By Katie Azevedo, M.Ed.
This is not a blog post about the proper structure of an essay. It is also not a post about how to write a thesis statement. (Want that? Here you go.)
Instead, I am giving you three tips for how to start an essay when you just feel stuck and don’t know where to begin.
Here’s the disclaimer: These tips are for the times when you have been assigned an essay topic, you already know your thesis statement, and you know your teacher’s expectations (length, style, etc.). Additionally, I’m assuming you also know what type of essay you’re expected to write: narrative, expository, etc. (Here’s more info on the different types of essays.)
The 3 tips below are meant to give you ideas on how to start an essay when you are staring at a blank computer screen and literally have no idea what sentence to begin with. Sound like you? Read on.
How to start an essay: 3 hacks for getting started
1. Start in the middle.
There’s no law that says you have to write your introduction paragraph first. In fact, I have – many times – written my introduction last. If you think that the hardest part of your essay is the opening paragraph, then start somewhere else instead, like a middle body paragraph. In other words: choose the path of least resistance.
2. Start with the quote.
Build your essay around a quote instead of trying to find a quote to fit your essay. So many of my clients and students get stuck finding quotes (evidence) to support what they’ve written in their essays, and sometimes it can take forever to search through a book to find the perfect quote to match what they’ve already written. Instead, I suggest you start with a quote: find a quote in the book / article that supports your thesis statement (your argument), and then build an entire paragraph around that quote. It’s so much easier to work backwards — I do this all the time in my own research papers!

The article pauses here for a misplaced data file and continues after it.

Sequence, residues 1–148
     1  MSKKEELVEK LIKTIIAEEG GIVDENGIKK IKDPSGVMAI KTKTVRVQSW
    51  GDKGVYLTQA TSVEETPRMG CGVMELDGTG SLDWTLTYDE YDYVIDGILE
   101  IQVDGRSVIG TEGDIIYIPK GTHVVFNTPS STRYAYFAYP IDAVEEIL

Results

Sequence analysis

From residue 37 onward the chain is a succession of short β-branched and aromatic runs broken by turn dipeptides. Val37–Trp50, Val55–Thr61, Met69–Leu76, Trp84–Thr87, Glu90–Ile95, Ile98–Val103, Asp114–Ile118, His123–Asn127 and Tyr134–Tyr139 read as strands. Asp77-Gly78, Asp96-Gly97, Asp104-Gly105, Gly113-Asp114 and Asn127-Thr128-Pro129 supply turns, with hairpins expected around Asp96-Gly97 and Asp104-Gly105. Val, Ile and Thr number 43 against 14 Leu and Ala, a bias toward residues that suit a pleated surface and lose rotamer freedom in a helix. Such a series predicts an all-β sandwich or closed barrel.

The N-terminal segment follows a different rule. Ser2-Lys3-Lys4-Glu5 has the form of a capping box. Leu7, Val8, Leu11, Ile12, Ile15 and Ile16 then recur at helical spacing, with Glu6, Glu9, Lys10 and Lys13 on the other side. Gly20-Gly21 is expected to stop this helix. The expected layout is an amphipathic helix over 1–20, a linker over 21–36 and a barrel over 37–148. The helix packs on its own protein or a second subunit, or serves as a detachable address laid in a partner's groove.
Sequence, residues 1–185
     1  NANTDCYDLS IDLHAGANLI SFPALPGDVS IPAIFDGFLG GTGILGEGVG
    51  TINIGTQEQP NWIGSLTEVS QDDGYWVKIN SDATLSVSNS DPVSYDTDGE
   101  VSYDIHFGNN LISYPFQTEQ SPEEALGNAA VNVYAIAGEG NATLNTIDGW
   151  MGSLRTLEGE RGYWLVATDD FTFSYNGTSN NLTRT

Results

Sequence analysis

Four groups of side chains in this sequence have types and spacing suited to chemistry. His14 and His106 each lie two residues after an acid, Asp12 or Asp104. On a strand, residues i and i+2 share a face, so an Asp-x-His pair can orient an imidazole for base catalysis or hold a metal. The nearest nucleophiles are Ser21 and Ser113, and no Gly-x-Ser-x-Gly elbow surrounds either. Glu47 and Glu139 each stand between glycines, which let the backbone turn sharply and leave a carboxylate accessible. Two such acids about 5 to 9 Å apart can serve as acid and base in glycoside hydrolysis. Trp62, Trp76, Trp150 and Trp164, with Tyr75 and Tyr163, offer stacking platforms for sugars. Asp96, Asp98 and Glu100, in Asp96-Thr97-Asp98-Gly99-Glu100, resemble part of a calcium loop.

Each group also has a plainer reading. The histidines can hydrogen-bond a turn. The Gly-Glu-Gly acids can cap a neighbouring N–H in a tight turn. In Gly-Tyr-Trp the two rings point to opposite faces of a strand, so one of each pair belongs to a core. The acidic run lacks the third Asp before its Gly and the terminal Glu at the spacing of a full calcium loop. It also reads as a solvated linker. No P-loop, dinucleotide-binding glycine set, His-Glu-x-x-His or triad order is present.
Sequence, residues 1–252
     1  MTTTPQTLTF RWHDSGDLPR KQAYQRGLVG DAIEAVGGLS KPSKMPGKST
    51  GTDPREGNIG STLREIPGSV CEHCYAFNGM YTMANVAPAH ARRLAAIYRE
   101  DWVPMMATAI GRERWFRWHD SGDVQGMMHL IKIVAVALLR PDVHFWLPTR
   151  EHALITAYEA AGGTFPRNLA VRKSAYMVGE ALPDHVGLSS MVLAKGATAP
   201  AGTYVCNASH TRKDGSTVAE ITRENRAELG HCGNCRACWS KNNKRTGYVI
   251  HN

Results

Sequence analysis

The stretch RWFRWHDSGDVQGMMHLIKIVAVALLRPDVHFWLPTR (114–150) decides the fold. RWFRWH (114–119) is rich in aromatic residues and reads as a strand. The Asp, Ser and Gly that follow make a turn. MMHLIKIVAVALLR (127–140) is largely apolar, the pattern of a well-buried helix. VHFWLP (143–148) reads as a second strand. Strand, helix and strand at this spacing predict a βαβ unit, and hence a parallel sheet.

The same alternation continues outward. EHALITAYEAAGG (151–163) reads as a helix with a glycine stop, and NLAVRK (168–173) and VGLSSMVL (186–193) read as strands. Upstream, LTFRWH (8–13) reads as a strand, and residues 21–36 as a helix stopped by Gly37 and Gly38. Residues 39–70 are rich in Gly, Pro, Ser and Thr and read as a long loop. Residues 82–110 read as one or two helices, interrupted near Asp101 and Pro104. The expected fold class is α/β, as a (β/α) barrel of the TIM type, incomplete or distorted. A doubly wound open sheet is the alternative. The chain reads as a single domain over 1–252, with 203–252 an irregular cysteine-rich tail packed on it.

3. Write a list.
Write a list of everything that comes to mind about your topic, without filtering your thoughts. List out points you want to make, quotes you want to use, facts you could incorporate, ideas you think might be valid … write it all down in a list (not in paragraph form). When you’re done with your list, go through it and group similar items together. These groupings will essentially become your paragraphs. If one grouping is way smaller than the other (for example, it only has two items in it and the others have 4 items), then you know you need to add more to that paragraph.
Bonus tip for starting essays
One of the best tips for how to start an essay is simpler than you could imagine: Just start. Yup, you might think that’s annoying advice, but I’m dead serious. Even when you don’t feel like it (especially when you don’t feel like it!), just open up a Google Doc, give it a name, and write sommmmething. Sometimes this simple act is enough to get the ball rolling.